Now that you’re thinking about it, you might expect that the answer is yes. But as it turns out, the answer isn’t so black and white. Here’s why—plus what you need to know before buying your next bottle of oil.
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It’s all about the production method
First, the good news: Pesticides aren’t as big of an issue for many essential oils as you might expect, says Kathi Keville, Director of the American Herb Association and author of The Aromatherapy Garden.
Whether an essential oil has pesticide residues has a lot to do with the way it was produced. For starters, many of the plants that are commonly used for essential oils—like rosemary, citronella, thyme, lavender, and clove—are so effective at repelling bugs that they’re not vulnerable to most garden pests. “They’re innately pesticides themselves, so they aren’t often sprayed,” Keville says. (Here's how to grow fragrant lavender anywhere.)
Of course, not all essential oil plants are naturally pest-resistant. And there’s always the chance for cross-contamination, where pesticides from other crops make their way onto essential oil plants via wind or water. But even if a plant is sprayed with pesticides, those pesticides won’t often make it into your bottle of essential oil. That’s because most essential oils are extracted from plants through distillation, a process where steam breaks down plant material to remove its volatile compounds. The essential oil-rich water vapor is cooled and condensed into water. Since oil and water don’t mix, the essential oils pool on the water’s surface, where they’re skimmed off.
As a result, the chances are low that any pesticides that were on the plant to begin with would make it into the essential oil. “Steam can only carry tiny, tiny particles, and essential oil molecules happen to be some of the smallest molecules in nature,” Keville says. But the molecules of most pesticides are much larger. Too large, in fact, to be carried by steam, she explains. There’s also the fact that some pesticides don’t do well in extreme temperatures, so they could start to break down in the steamy conditions of a distiller.
But there are exceptions to the rule. Namely, citrus essential oils like orange, lemon, grapefruit, and bergamot. The reasons are two-fold: First, citrus fruits aren’t naturally pest-resistant, so conventional crops are almost always sprayed. And second, citrus essential oils are almost always cold-pressed—where the oils are squeezed out of the plant instead of distilled through heat. That process is significantly more likely to allow pesticides on the peel of citrus fruits to end up in essential oils, Keville says.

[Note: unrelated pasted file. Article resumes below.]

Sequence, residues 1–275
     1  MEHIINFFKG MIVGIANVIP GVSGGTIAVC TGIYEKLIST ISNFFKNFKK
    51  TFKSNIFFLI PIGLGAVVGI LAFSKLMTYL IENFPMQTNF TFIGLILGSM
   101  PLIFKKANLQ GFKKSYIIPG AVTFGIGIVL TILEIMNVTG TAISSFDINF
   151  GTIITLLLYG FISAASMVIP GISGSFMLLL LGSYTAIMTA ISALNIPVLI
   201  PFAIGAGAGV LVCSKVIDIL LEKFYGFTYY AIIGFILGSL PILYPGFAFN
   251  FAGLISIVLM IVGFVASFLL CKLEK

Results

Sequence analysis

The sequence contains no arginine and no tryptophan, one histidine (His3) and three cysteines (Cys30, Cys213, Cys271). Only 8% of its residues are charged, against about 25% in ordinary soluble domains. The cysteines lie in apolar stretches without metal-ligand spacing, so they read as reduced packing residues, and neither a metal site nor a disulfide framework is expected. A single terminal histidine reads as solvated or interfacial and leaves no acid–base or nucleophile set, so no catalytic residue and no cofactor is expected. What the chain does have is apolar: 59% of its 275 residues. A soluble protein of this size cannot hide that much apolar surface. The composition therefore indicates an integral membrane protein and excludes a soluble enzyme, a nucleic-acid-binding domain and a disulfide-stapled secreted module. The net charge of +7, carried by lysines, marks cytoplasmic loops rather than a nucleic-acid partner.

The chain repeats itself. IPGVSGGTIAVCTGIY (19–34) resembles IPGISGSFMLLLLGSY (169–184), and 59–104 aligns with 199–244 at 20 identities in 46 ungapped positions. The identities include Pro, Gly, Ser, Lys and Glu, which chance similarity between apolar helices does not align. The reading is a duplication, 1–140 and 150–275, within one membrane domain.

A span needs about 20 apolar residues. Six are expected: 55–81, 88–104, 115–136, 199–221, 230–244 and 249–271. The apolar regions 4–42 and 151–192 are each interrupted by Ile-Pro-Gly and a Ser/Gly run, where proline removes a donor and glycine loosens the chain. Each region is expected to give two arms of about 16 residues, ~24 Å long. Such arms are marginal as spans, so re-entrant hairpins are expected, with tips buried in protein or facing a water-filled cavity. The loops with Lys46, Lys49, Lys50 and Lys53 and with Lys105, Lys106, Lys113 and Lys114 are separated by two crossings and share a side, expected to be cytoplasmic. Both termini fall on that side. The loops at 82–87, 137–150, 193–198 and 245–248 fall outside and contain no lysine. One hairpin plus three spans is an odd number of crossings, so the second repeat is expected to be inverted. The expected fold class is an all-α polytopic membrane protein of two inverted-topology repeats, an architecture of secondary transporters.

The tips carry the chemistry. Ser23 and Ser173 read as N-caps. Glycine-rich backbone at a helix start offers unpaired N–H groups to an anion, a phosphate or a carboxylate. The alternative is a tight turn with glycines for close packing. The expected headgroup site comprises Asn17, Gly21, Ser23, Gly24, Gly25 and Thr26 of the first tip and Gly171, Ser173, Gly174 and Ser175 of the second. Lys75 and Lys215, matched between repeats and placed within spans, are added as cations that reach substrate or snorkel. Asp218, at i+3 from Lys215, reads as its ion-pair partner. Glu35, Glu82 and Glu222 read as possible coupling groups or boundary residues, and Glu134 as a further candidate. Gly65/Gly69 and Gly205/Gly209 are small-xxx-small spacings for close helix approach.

Research backs this up. In a German analysis looking at nearly 600 samples of 28 different essential oils, 64% of distilled essential oils showed no sign of pesticide residues. Among those that did, only a tiny amount—just .17%--exceeded exposure levels considered safe by European health organizations. Cold-pressed oils fared worse—only 34% were found to be free of pesticide residues. And the pesticide residues of cold-pressed oils were more likely to exceed safe exposure levels.
And it may be worth going the organic route for distilled oils, too. Even though it’s considerably less likely, there’s a chance that they could still harbor pesticide residues. In either case, buying organic gives you peace of mind that the oil you’re buying is clean. Sure, it’s true that many non-organic essential oil producers (especially small-batch ones) may follow organic growing practices but can’t afford the pricey organic certification process.
But unless you can ask a conventional producer about their methods, there’s no way of knowing for sure whether a conventional essential oil crop was sprayed with pesticides. “Organic certification will clear that up,” Keville explains. And if you care about seeking out truly safe, natural remedies, that peace of mind is worth the higher price.
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